LegalMatch is an online service that pairs member attorneys and potential clients with specific legal needs, and then provides both of these groups with case managment systems. The "attorney engagement rate" - the number of attorneys hired by clients - is the LegalMatch “north-star” KPI, followed closely by new cases filed, and new attorneys brought under contract.
My role with LegalMatch was Lead UX/UI Designer, responsible for the overall User Experience. The LegalMatch design gestalt was rapid innovation and testing across all service segments. Design collaborated constantly with Growth Lead, VP of Marketing, VP Membership, CTO, Social Media Lead, Data team, and the managing Owner/Founder.
Despite clear design wins, it was difficult to ascertain the impact of these changes on the primary KPI - the attorney engagement rate. Attorneys were hired primarily occurred off of the LegalMatch system, and despite ongoing outreach, attorneys were slow to provide information. Corrobation lagged to an unacceptable degree.
LegalMatch needed a way to get more immediate data, and a method to more directly affect the attorney engagement rate.
To expand our information, I recommended a new email/phone campaign be directed to the clients. This outreach quickly boosted our response rate for critical KPI data to over 70%, twice the rate, and three times faster, than the attorney outreach alone.
I also requested attorney engagment rate data dating back three (3) years. This historical confirmation, compared with other historical metrics, allowed us to extrapolate trends relative to the current situation.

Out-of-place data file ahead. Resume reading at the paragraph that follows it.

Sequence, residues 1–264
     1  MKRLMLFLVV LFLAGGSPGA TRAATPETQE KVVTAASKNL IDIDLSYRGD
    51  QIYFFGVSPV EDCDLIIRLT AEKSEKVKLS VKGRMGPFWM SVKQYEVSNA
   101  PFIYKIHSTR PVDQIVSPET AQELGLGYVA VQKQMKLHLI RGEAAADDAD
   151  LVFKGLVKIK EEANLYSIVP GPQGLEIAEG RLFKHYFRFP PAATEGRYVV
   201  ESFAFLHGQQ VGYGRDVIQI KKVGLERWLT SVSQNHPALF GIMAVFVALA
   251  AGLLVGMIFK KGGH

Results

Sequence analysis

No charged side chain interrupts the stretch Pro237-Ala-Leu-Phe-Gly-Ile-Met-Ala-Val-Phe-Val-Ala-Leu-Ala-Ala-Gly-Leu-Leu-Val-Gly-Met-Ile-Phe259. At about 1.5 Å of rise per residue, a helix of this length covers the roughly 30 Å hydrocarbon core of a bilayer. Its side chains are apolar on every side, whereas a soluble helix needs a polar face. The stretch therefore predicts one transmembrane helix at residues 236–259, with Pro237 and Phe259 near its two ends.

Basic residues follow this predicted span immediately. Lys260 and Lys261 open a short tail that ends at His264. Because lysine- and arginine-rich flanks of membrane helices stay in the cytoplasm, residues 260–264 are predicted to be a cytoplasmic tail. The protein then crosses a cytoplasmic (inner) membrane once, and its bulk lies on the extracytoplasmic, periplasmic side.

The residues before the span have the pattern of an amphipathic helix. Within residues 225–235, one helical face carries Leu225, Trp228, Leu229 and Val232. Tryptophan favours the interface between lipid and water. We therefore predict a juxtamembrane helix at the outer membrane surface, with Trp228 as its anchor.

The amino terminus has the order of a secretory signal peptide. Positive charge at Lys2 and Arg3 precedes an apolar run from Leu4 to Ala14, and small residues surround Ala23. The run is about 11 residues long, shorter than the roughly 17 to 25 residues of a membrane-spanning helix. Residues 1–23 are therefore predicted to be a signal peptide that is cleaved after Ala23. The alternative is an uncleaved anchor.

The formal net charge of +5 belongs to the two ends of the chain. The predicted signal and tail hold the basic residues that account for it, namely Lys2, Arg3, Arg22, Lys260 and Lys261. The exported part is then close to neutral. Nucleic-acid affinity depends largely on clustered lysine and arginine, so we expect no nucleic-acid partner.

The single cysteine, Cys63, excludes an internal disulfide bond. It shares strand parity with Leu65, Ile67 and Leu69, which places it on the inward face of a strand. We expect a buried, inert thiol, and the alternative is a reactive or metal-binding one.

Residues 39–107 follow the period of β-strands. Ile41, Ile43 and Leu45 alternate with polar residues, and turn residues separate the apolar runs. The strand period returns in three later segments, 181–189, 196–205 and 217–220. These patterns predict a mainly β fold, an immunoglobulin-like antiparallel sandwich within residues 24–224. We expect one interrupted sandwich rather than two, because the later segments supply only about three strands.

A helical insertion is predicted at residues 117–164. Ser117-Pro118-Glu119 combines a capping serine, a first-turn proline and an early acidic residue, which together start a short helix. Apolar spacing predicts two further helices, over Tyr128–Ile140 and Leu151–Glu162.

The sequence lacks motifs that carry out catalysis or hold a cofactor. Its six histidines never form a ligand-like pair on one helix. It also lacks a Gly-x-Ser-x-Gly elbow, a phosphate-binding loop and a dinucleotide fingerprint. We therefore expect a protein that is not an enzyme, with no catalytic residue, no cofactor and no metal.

As Lead Designer, I then requested outreach to representative attorney and client cohorts in order to ascertain satisfaction levels with LegalMatch and to gather open-ended feedback, recommendations, and requests for improvements for LegalMatch.
A wide range of methods provided quantitative and qualitative information at high return rates.
Results of the outreach were organized and provided to all members of the primary team, as well as a wider group of LegalMatch employees. Primary team members were tasked with gathering feedback from their own team members, and preparing the feedback for presentation to the primary team.
An "Ideation" meeting was implemented. Ideas were presented and evaluated using the following methods.
Responses were analyzed
Based on these initial insights, an MVP prototype was quickly created utlizing an existing calender widget. The MVP was immediately released to a limited number of users (300), of which about 1/4 had expressed interest in trying scheduling options. The other 2/3 of users would allow us to ascertain the natural adoption rate of the calendar without promotion. Also, a select group within these 300 users had agreed to provide detailed feedback for this MVP release.
A basic email confirmation process was included with the MVP release.
Much of the heavy lifting for the Branding and Visual Design styles had been established in the previous LegalMatch project to redesign the entire web site. For the previous two years, the LegalMatch site had been a hot bed of testing. UX and UI Design, and Visual Designs were explored. Tests started with outlying site areas that had significant traffic but low impact on crtical KPIs, then circled into more signficant Landing pages, then moved to the Home page, and finally focused on the Intake Funnel.
KPIs measured in this Design testing included:
When the Calendar project begin, the basic Design Gestalt had been established:
The styles defined when the Calendar project started:
The final styles adopted site wide, including the Calendar Product interfaces: